Jacinda Ardern DELAYS plans to reopen New Zealand to the world

Prime Minister Jacinda Ardern has confirmed New Zealand will lift the lockdowns when Omicron comes into the community after her government hinted at when Australians might be allowed back in.

The nation will transition to the code-red alert setting as part of its Covid-19 protection framework once Omicron cases emerge, but the country will not be shut down.

‘Omicron is more transferable. That will make it harder to keep it out, but also harder to control once it arrives,” Ms Ardern said.

“But as before, when Covid changes, we change and we are in a solid position to do so with the data and evidence from other countries’ experience to make the best decision we can, based on what we know.” see elsewhere. ‘

Code red will allow businesses to remain open and domestic travel to continue, but with restrictions on wearing and collecting masks to slow the spread of the virus and put pressure on the health system.

New Zealand Prime Minister Jacinda Ardern has confirmed there will be no lockdowns when Omicron affects the community

New Zealand Prime Minister Jacinda Ardern has confirmed there will be no lockdowns when Omicron affects the community

It comes as pressure mounts for Ms Ardern to phase out New Zealand’s border regime and the mandatory 10-day hotel quarantine for all travelers, including citizens.

Quarantined places, known locally as MIQ, are hotly contested – the government offers them through ballot papers, which are generally well oversubscribed.

And for now they are off limits.

Earning the ire of the Kiwis based abroad, Ms Ardern’s government has canceled the release of this week’s MIQ chamber due to a tidal wave of COVID-19 cases, including the Omicron variant, at the border.

“There is a 10-fold increase in positive COVID-19 cases at the border compared to December,” MIQ chief Chris Bunny said in a statement released late Tuesday night.

“We understand that this will be disappointing for many people who want to return to New Zealand. The government’s strategy is to minimize the risk of Omicron in New Zealand as much as possible.”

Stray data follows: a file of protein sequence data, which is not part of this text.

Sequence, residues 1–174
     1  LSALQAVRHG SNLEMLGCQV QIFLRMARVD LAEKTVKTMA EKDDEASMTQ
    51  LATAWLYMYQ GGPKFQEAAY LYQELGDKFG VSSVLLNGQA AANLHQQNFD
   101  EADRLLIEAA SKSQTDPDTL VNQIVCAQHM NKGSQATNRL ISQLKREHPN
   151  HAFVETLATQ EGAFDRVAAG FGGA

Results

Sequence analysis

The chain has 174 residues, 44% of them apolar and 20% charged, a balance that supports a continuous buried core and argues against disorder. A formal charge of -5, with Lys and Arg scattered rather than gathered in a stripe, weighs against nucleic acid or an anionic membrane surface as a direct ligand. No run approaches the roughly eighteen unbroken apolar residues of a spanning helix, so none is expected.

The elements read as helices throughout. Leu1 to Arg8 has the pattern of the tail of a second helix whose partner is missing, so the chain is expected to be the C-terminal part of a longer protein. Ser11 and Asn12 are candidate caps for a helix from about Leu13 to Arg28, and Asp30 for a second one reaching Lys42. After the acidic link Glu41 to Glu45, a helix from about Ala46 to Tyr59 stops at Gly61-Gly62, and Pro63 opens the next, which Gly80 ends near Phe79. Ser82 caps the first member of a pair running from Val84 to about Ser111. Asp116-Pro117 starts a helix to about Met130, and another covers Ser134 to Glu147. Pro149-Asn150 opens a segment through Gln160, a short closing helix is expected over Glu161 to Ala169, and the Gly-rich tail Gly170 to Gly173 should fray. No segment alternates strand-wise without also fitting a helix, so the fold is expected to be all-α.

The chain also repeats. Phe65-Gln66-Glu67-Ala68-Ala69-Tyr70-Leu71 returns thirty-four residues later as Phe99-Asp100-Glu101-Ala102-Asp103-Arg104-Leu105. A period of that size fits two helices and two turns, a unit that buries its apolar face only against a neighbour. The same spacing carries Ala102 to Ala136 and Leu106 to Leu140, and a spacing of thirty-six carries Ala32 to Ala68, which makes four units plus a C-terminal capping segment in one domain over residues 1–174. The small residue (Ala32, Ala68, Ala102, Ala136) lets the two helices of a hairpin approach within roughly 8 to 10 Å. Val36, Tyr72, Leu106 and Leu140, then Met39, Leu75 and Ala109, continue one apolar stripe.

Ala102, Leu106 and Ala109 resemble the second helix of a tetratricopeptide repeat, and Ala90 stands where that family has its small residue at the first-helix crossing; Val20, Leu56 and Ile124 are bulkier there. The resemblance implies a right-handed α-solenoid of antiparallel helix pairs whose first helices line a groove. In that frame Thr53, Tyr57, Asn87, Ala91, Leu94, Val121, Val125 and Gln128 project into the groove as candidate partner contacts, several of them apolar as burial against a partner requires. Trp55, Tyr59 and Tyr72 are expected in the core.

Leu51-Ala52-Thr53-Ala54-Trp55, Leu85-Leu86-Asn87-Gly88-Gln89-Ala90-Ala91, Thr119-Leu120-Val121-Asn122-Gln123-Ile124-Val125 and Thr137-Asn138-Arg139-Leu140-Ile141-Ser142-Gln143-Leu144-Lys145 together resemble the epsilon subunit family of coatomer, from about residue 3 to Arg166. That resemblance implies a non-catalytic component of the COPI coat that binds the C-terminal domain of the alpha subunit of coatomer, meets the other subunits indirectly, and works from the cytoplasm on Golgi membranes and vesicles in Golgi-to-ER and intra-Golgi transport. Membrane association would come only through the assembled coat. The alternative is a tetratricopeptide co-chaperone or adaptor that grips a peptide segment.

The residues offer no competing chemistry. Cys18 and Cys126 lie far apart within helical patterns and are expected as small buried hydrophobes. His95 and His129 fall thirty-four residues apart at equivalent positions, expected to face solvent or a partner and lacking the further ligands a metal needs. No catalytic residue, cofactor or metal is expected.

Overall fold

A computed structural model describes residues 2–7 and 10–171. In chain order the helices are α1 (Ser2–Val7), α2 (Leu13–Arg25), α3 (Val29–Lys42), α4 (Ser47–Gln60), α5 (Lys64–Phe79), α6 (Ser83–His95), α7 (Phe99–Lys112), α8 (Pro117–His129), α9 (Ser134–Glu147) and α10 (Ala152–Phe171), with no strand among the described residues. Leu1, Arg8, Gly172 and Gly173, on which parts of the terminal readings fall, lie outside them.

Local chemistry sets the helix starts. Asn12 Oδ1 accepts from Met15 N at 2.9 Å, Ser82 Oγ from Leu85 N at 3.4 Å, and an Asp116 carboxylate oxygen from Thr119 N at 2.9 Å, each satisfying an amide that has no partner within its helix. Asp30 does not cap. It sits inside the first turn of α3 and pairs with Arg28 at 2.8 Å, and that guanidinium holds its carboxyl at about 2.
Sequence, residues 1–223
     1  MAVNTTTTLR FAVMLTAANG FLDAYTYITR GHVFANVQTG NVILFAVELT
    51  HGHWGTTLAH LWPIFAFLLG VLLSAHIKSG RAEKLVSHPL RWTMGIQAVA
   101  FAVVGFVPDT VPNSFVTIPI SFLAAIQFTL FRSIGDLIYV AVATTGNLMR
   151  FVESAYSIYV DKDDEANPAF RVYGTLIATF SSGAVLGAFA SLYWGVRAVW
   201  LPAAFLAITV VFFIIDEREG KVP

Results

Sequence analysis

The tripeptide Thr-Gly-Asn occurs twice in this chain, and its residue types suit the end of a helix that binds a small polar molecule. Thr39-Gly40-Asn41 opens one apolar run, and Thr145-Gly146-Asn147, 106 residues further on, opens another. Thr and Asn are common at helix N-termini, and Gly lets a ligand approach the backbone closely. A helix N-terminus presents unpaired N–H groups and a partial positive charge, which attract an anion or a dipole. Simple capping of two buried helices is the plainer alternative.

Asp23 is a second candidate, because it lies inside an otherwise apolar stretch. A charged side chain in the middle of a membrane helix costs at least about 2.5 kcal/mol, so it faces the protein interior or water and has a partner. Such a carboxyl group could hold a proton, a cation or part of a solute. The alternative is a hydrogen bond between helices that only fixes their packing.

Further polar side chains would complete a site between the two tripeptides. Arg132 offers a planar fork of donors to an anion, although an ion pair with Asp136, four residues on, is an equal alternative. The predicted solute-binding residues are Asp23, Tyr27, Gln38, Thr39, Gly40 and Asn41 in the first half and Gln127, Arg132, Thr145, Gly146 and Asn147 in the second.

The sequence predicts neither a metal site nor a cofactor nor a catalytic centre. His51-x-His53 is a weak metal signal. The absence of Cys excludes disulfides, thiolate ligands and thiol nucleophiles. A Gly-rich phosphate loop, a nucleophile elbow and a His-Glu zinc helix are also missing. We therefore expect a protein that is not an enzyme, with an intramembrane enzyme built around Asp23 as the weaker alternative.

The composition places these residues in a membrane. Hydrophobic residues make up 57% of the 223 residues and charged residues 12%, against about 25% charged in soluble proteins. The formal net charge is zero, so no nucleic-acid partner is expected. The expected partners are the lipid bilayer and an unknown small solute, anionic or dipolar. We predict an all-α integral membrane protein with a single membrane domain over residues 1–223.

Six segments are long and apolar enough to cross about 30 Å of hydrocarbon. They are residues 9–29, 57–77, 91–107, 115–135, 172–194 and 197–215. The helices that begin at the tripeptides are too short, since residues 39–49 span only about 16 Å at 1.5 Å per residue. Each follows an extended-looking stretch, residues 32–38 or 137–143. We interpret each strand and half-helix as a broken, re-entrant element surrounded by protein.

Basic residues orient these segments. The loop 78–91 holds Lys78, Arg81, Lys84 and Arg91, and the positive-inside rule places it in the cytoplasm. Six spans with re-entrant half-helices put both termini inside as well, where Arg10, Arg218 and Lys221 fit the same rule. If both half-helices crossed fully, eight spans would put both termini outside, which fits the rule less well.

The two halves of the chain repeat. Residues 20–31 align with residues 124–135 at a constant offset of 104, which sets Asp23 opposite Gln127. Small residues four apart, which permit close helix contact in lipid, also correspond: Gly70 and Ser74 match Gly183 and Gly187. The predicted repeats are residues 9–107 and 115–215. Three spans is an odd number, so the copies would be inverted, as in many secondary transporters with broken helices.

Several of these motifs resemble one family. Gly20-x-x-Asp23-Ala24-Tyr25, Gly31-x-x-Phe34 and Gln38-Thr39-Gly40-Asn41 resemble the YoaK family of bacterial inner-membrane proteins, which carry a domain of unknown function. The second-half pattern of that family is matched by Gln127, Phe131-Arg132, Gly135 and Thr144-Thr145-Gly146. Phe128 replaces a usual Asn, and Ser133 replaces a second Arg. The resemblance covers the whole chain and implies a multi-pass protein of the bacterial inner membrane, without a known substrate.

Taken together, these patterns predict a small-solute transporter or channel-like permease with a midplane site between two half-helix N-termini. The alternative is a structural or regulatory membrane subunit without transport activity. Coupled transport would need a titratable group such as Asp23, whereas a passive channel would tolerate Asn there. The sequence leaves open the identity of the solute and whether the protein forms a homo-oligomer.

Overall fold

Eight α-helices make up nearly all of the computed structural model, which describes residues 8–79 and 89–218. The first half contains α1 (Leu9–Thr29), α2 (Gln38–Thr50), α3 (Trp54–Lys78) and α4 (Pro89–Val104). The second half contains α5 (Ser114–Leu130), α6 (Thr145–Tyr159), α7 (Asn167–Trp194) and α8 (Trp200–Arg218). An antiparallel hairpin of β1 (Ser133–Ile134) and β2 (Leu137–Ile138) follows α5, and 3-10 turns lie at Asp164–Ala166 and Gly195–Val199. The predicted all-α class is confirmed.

To date, only five cases of Omicron have been picked up in the community, all of which have been vaccinated, with transmission limited to households.

The pressing question for Ms. Ardern is when to make boundary changes, knowing that Omicron is likely to seep into the community.

The previous plan was to put the Australian-based Kiwis into self-isolation from this week, which was implemented until the end of February.

On Wednesday, COVID-19 minister Chris Hipkins suggested the timetable had also been given the boot.

“There’s no question that we’re moving toward a self-isolation model… the question of exactly when that happens and the sequence, that’s changed,” he said.

No decisions have been made on the date, order and conditions for reopening the border and the cabinet will consider options in the coming weeks.

“In the meantime, our focus will be on increasing the number of boosters and immunizing as many 5-11 year olds as possible before Omicron gains a foothold in the community.”

The reopening question is a tricky one for Ms Ardern, who earned a thumping re-election in 2020 with a political brand inexorably tied to NZ’s elimination strategy.

Of course, it is not the government’s decision when Omicron leaks into the community.

With an average of 35 borderline cases coming in each day, Ms Ardern said an Omicron outbreak this week was a matter of “when, not if.”

A group of New Zealand’s most prominent public health experts published an open letter this week suggesting changes to Covid-19 settings based on the rise of Omicron.

“The first urgent priority is to increase measures to delay the arrival of the Omicron variant to give more preparation time,” they wrote.

They also suggest a “shift from the current suppression strategy to mitigation”… “to flatten the curve” and minimize the risk of health care overload and social and economic disruptions.

One of the authors, Michael Baker, a professor at the University of Otago, told AAP that “some kind of mitigating approach is probably the best we can manage.”

‘If you let it in, is there an optimal time for that? There’s a case of saying you don’t want Omicron to arrive in the middle of winter,” he said.

“If you say it’s inevitable, sometime after February and before winter, if you could pick a point, it would be in that ballpark.”

At the very least, New Zealand can rely on strong vaccination rates in making the tricky reopening call.

As of Wednesday, 93 percent of Kiwis ages 12 and older have been fully vaccinated, 95 percent have been partially vaccinated, with an accelerated boost campaign and the kids’ vax drive in earnest.

This post Jacinda Ardern DELAYS plans to reopen New Zealand to the world

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